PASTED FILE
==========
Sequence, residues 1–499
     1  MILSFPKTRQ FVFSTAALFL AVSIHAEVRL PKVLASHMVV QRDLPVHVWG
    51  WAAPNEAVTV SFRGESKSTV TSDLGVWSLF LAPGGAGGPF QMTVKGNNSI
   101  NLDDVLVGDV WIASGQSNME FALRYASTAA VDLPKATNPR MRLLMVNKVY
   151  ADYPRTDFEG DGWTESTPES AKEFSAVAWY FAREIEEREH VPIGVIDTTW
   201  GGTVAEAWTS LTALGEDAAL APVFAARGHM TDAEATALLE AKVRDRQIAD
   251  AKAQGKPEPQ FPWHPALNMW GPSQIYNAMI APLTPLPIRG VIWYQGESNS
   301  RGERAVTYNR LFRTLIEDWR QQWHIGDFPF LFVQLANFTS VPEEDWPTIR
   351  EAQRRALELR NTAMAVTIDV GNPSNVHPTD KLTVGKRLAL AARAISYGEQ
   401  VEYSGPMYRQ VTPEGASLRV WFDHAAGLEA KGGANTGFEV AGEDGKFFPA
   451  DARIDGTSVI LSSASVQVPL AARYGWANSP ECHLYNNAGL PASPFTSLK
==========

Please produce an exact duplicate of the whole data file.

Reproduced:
Sequence, residues 1–499
     1  MILSFPKTRQ FVFSTAALFL AVSIHAEVRL PKVLASHMVV QRDLPVHVWG
    51  WAAPNEAVTV SFRGESKSTV TSDLGVWSLF LAPGGAGGPF QMTVKGNNSI
   101  NLDDVLVGDV WIASGQSNME FALRYASTAA VDLPKATNPR MRLLMVNKVY
   151  ADYPRTDFEG DGWTESTPES AKEFSAVAWY FAREIEEREH VPIGVIDTTW
   201  GGTVAEAWTS LTALGEDAAL APVFAARGHM TDAEATALLE AKVRDRQIAD
   251  AKAQGKPEPQ FPWHPALNMW GPSQIYNAMI APLTPLPIRG VIWYQGESNS
   301  RGERAVTYNR LFRTLIEDWR QQWHIGDFPF LFVQLANFTS VPEEDWPTIR
   351  EAQRRALELR NTAMAVTIDV GNPSNVHPTD KLTVGKRLAL AARAISYGEQ
   401  VEYSGPMYRQ VTPEGASLRV WFDHAAGLEA KGGANTGFEV AGEDGKFFPA
   451  DARIDGTSVI LSSASVQVPL AARYGWANSP ECHLYNNAGL PASPFTSLK